Thursday, June 11, 2009

Today Is Thursday

Got up this morning to another cloudy day, but at least the sun has peeked out a few times. The marine layers does not seem to be as thick as it has been the past few days.
I went for my walk after Ben left for work, came home, had breakfast and went outside to start putting back all of the patio chairs, BBQ, wind chimes, etc. that we had moved away from the house for the paint job. Got the broom out and swept up what mess the workers left behind, which really wasn't much as they did a pretty good job cleaning up after themselves.
I must admit the house looks great and now that everything is back in place, it feels normal again. Took a photo of the front of the house so you can all see how it looks.


  1. It looks very pretty! It feels great to have everything freshly painted, I know. What lovely flowers you have in front and is that your cat I see in the garage? Looks like you have a great place to walk in the neighborhood too. So glad the painters are finished - now you need to have a BBQ to celebrate!

  2. I'm having computer problems - I think my other comment got deleted. Just wanted to say how nice your home looks. So glad you are pleased and hope you can relax and enjoy now!

  3. Your house looks very pretty. They did a good job painting. Is a marine layer similar to what we call fog? Take care, Sheila

  4. Sheila,

    A marine layer is usually just a layer of clouds that does not sit on the ground. It just comes on shore and keeps everything overcast most of the day.

    Here is what Wikipedia says about them:

    A marine layer is an air mass which develops over the surface of a large body of water such as the ocean or large lake in the presence of a temperature inversion. The inversion itself is usually initiated by the cooling effect of the water on the surface layer of an otherwise warm air mass. As it cools, the surface air becomes denser than the warmer air above it, and thus becomes trapped below it. The layer may thicken through turbulence generated within the developing marine layer itself. It may also thicken if the warmer air above it is lifted by an approaching area of low pressure. The layer will also gradually increase its humidity by evaporation of the ocean or lake surface, as well as by the effect of cooling itself. Fog will form within a marine layer where the humidity is high enough and cooling sufficient to produce condensation. Stratus and stratocumulus will also form at the top of a marine layer in the presence of the same conditions there.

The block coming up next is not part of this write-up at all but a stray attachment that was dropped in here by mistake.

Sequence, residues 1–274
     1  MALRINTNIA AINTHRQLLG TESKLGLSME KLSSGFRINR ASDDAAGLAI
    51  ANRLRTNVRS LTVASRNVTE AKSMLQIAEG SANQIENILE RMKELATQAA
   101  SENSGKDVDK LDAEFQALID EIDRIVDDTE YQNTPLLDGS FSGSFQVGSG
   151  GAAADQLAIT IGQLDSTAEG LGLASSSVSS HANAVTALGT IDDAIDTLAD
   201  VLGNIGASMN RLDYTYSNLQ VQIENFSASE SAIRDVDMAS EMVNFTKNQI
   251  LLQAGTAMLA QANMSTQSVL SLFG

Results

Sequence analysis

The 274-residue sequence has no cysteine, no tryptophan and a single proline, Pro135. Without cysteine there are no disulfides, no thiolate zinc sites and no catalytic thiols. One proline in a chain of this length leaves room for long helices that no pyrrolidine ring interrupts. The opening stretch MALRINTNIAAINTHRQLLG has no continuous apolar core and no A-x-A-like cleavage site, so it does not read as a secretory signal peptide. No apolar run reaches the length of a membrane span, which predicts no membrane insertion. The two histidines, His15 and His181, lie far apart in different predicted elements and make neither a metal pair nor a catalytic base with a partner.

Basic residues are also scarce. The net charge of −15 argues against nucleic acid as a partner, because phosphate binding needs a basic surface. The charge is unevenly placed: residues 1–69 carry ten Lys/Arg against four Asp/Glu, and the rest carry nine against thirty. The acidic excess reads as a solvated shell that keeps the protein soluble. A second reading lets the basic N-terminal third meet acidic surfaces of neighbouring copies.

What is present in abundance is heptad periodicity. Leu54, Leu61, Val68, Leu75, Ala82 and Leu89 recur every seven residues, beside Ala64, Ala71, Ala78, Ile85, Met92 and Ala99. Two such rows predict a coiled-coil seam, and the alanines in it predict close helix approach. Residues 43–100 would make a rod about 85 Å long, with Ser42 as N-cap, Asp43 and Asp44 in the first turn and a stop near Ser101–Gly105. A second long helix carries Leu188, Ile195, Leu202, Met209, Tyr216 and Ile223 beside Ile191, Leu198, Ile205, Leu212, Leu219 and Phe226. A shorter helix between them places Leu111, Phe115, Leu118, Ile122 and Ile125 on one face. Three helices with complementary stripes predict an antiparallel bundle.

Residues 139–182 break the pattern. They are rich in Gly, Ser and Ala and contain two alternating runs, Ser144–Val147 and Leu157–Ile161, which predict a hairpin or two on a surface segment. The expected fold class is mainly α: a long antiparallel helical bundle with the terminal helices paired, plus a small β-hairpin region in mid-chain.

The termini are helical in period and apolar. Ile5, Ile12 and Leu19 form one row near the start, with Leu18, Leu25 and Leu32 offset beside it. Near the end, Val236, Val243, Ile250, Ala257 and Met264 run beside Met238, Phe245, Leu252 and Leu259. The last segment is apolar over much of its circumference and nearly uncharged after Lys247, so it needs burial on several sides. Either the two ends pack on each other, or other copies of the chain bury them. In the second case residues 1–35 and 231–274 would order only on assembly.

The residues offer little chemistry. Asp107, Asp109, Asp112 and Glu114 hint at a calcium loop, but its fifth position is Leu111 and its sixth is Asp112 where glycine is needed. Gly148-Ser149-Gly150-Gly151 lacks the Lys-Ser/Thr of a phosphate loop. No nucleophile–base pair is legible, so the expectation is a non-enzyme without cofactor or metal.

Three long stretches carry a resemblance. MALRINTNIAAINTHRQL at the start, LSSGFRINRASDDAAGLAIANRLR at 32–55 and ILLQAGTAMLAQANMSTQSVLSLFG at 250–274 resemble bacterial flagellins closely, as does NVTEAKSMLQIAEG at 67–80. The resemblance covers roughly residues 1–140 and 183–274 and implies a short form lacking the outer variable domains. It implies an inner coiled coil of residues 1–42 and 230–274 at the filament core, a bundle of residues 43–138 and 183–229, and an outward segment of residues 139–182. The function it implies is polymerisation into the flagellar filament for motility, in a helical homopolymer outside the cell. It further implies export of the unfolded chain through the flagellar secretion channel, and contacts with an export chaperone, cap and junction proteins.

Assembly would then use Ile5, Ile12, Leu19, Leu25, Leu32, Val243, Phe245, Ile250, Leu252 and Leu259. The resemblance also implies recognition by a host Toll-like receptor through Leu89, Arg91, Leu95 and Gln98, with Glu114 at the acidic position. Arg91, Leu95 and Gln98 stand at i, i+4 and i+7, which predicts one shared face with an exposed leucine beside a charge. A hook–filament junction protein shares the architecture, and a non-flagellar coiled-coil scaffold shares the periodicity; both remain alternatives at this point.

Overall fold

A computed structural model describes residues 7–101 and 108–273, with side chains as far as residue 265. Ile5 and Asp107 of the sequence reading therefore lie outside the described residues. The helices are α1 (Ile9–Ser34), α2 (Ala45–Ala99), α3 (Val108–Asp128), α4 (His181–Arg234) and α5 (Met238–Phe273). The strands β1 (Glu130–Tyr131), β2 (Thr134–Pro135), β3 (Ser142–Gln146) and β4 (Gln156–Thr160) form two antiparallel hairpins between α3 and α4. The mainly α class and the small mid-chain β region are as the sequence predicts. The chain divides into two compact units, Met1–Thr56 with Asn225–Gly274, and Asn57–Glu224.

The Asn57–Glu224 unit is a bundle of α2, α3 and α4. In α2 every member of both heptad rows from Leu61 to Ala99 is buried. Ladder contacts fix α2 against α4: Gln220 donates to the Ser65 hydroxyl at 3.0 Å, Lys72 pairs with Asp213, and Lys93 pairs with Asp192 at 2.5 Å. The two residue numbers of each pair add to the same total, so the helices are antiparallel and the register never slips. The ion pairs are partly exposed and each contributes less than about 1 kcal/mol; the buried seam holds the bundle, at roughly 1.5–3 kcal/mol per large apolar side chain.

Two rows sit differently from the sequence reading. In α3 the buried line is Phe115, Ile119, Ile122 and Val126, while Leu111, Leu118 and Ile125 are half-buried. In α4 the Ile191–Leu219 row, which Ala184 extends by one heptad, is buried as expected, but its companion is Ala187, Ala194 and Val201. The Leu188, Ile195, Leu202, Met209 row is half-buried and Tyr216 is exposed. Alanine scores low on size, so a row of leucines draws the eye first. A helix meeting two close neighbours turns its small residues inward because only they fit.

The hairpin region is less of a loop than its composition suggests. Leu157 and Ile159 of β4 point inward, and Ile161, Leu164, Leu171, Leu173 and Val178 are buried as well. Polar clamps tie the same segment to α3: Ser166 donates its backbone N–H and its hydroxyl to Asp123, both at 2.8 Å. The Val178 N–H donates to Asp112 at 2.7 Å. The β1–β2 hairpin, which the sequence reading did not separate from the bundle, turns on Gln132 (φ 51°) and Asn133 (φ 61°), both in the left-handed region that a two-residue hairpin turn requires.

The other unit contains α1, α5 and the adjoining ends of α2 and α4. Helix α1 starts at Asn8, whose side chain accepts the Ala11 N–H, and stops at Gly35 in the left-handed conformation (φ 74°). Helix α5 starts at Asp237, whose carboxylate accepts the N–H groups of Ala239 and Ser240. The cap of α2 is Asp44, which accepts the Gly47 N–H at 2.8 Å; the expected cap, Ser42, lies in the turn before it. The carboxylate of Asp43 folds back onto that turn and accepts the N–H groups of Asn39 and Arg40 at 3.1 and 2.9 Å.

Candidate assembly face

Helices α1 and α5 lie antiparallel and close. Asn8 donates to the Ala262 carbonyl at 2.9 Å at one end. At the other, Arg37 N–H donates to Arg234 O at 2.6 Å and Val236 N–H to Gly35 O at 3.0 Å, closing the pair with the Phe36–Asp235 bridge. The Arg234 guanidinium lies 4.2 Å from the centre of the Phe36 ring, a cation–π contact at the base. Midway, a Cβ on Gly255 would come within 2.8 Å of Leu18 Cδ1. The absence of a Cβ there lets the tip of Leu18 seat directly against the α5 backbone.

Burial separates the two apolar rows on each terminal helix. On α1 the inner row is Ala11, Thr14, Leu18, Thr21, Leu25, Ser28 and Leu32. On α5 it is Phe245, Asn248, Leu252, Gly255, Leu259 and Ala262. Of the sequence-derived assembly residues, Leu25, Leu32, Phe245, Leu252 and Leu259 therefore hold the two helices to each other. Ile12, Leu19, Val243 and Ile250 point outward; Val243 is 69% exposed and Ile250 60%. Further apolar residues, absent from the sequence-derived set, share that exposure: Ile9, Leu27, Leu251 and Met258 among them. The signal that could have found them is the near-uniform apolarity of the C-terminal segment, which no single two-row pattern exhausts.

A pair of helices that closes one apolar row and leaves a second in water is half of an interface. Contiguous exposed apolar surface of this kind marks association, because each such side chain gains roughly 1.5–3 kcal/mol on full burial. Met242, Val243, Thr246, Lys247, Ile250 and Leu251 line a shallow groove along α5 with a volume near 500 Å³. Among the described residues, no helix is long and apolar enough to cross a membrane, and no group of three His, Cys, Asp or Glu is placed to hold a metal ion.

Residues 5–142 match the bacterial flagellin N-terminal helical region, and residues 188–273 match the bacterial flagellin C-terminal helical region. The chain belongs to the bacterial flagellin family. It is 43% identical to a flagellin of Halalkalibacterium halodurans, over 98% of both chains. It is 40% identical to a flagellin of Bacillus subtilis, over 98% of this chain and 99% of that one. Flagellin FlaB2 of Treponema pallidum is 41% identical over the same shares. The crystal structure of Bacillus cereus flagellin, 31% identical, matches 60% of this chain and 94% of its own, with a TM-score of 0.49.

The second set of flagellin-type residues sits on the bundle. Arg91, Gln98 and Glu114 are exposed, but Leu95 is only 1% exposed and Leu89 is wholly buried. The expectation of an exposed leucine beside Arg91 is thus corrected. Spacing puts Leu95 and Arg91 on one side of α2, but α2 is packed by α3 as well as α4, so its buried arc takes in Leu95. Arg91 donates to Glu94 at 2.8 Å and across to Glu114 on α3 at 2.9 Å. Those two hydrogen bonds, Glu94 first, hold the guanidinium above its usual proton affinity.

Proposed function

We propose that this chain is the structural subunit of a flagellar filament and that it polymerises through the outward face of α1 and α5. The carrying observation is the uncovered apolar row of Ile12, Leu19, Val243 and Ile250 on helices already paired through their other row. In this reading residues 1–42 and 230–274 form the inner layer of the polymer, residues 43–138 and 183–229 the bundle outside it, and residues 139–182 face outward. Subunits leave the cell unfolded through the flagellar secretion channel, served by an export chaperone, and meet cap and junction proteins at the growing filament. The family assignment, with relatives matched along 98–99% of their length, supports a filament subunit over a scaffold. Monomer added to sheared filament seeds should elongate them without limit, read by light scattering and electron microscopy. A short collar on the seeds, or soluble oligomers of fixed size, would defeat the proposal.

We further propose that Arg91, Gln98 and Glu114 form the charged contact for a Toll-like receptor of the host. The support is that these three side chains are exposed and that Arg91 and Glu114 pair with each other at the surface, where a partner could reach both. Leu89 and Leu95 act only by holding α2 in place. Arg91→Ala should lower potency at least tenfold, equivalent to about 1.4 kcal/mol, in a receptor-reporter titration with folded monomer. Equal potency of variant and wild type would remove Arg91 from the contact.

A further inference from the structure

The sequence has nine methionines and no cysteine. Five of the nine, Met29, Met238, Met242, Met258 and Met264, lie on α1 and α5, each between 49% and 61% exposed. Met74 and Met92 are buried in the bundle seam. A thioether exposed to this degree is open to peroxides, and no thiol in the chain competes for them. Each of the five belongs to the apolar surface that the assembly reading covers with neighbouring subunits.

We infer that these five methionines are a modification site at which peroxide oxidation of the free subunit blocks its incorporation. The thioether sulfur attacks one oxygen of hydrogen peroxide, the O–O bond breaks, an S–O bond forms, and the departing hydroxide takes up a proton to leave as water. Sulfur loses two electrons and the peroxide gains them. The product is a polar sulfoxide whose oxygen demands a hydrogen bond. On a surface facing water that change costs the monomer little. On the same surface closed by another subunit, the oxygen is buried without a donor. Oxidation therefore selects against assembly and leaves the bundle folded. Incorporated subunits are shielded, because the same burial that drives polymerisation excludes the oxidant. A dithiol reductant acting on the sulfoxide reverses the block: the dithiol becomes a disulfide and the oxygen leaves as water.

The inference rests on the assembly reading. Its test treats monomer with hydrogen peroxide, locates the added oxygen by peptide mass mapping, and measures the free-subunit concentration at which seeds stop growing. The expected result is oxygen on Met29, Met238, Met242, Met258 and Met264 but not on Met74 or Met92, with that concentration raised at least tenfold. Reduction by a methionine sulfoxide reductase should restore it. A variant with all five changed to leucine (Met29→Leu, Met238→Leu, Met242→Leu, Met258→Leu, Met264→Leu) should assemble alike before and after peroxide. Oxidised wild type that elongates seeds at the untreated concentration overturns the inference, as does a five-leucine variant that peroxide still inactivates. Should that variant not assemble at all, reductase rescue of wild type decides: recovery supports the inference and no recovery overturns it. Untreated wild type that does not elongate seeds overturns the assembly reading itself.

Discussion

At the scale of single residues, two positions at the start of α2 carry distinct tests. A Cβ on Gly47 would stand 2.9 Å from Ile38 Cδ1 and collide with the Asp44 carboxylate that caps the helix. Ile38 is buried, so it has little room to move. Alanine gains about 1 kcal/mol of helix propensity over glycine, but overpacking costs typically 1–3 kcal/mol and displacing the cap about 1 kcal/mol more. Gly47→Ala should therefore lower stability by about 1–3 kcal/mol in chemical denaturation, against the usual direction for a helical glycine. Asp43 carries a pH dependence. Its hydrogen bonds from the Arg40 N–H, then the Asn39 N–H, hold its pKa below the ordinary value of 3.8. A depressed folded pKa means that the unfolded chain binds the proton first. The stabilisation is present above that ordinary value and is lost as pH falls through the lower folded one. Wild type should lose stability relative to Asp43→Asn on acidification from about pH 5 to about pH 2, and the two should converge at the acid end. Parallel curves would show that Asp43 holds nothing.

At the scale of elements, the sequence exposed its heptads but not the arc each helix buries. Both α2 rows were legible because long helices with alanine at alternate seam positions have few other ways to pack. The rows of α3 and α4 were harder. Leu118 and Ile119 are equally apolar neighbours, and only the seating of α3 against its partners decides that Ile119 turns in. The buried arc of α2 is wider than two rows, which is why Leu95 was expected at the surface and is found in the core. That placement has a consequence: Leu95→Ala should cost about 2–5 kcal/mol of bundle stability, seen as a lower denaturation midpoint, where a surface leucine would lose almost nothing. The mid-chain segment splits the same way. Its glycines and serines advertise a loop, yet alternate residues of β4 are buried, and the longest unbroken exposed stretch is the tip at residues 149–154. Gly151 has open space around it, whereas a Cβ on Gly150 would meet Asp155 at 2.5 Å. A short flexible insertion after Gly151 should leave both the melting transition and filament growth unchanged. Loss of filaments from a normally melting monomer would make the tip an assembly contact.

In the case of coastal California, the offshore marine layer is typically propelled inland by a pressure gradient which develops as a result of intense heating inland, blanketing coastal communities in cooler air which, if saturated, also contains fog. The fog can last until midday when the heat of the sun is frequently strong enough to evaporate it. An approaching frontal system or trough can also drive the marine layer onshore.

    A marine layer will disperse and break up in the presence of instability such as may be caused by the passage of frontal system or trough, or any upper air turbulence which reaches the surface. A marine layer can also be driven away by sufficiently strong winds.

    It is not unusual to hear media weather reporters discuss the marine layer as synonymous with the fog or stratus it may contain, but this is erroneous. In fact, a marine layer can exist with virtually no cloudiness of any kind, although it usually does contain some. The marine layer is a medium within which clouds may form under the right conditions, not the layers of clouds themselves.


  5. Thanks for the explanation. Have a nice weekend, Sheila


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